Categorized | Business, Featured

Hawaii Oceanic Technology Inc. awarded permit for Kohala fish farm

(Photo courtesy of Hawaii Oceanic Technology Inc.)


Hawaii Oceanic Technology, Inc. has been issued permit HI-0028140 in accordance with the provisions of the Clean Water Act, Hawaii Revised Statutes, Chapter 342D; and Hawaii Administrative Rules as administered by the state Department of Health.

In a letter dated March 30, 2012, the DOH stated it has “reviewed the (company’s) application for a National Pollutant Discharge Elimination System (NPDES) permit, and that after consideration of the expressed views of all interested persons and agencies, pertinent federal and state statutes and rules regarding the discharge, the DOH hereby issues the NPDES permit effective April 30, 2012.”

This comprehensive process took the company more than a year of effort and required a thorough public review and response to comments from the public and several NGO’s.

Bill Spencer, president and CEO of Hawaii Oceanic Technology, Inc. said, “Once again we have been held to the highest possible standard imposed by yet another regulatory requirement and have been granted permission to proceed.”

The company has spent more than five years and $2 million complying with permitting requirements imposed by the State of Hawaii and the federal government.

The company prepared a full Environmental Impact Statement and Cultural Assessment to obtain a Conservation District Use Permit, required to get its 247-acre ocean lease, which was granted October 2010.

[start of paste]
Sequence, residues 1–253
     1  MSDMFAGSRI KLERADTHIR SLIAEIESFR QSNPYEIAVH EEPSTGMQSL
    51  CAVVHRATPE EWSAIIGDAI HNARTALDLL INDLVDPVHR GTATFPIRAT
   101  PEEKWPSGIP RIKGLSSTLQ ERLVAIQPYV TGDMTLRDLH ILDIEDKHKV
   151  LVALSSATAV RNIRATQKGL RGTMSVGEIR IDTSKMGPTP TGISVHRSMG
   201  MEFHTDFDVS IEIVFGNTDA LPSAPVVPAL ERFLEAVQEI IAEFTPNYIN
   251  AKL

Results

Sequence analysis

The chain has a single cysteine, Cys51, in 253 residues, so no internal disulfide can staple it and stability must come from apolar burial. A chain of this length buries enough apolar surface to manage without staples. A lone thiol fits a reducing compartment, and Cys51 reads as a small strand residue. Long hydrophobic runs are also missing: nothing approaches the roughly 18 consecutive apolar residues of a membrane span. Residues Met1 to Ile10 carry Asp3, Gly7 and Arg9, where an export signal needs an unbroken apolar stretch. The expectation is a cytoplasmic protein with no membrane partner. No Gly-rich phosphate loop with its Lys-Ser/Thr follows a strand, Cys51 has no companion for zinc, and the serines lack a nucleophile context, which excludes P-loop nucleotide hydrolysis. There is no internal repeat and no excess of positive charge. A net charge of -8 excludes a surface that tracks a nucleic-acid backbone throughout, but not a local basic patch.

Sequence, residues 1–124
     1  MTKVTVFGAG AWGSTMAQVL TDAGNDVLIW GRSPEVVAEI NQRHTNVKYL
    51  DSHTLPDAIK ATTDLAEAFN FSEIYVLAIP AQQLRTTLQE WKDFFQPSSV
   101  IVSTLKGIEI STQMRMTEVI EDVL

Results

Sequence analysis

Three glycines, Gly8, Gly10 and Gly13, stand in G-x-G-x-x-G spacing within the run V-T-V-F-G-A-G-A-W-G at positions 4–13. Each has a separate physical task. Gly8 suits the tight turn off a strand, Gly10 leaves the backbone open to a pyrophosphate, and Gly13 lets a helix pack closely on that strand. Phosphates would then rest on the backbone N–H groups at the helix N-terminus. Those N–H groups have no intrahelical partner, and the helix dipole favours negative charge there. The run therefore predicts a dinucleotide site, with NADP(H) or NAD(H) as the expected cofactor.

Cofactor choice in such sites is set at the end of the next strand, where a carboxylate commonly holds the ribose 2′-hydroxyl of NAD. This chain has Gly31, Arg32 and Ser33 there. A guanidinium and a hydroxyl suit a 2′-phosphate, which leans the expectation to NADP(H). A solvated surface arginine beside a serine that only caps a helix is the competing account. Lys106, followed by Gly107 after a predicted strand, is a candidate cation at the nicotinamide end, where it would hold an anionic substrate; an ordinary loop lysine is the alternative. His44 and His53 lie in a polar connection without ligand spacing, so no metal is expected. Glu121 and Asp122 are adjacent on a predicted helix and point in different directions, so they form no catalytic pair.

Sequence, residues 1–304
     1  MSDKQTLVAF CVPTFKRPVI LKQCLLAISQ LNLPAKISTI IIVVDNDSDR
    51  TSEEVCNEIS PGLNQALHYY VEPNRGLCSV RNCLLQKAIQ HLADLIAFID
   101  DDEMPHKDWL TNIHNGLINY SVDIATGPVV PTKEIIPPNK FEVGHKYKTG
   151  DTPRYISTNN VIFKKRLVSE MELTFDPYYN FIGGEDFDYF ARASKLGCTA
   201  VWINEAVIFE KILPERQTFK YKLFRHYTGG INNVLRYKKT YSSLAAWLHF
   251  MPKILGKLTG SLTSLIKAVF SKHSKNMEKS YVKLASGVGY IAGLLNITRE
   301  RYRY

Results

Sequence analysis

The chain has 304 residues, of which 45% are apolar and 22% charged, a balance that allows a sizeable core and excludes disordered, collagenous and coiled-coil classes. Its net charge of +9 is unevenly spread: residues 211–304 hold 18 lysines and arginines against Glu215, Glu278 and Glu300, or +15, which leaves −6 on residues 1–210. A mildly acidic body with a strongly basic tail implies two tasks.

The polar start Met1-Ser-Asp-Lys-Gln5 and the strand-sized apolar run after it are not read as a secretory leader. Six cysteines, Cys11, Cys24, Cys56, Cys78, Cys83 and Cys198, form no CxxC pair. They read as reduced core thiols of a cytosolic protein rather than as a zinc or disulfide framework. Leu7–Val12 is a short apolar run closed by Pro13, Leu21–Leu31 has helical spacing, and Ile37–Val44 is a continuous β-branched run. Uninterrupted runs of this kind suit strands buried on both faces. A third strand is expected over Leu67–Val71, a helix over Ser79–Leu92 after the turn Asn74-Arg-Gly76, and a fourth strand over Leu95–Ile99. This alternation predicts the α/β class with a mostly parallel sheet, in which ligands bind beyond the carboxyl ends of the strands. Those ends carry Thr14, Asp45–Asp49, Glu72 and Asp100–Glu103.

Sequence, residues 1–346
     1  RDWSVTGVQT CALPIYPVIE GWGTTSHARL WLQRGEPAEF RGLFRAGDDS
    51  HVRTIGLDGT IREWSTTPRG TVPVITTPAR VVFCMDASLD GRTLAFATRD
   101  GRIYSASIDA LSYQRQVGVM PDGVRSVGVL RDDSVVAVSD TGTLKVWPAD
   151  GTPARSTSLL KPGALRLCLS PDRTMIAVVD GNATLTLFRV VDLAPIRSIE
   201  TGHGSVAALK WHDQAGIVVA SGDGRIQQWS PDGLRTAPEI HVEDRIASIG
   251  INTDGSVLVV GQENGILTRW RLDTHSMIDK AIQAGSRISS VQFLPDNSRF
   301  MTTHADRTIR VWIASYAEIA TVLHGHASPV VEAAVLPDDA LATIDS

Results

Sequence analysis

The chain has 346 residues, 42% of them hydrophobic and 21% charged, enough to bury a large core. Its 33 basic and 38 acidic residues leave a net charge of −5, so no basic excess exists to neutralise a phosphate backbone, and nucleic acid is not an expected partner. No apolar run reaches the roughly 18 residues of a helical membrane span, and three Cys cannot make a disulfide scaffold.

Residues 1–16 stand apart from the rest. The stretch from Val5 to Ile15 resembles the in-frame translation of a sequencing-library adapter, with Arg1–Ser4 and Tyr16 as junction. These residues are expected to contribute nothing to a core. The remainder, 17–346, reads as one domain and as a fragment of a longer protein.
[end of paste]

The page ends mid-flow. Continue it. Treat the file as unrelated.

Additional federal permits included a Federal Consistency Review Permit, the EPA/NPDES permit and an Army Corp Section 10 permit that has been in process since September 2010. The Army Corp permit is the last permit required before the company can execute its business plan.

“The permitting process has been grueling and expensive, but the company is proud to have been held to such high standards,” Spencer said. “We are now more than five years ahead of any other company contemplating doing an open ocean fish farming business in Hawaii or the United States.”

However, Spencer said, “if the United States is serious about food security and reversing the $14 billion dollar trade deficit it maintains from the importation of 85 percent of seafood we consume, the regulatory requirements must be streamlined and the burden on entrepreneurs should be reduced significantly.”

State explanation of permit decision:

DOH Permit Approval

State response to public comments:

DOH Response to Public Comments

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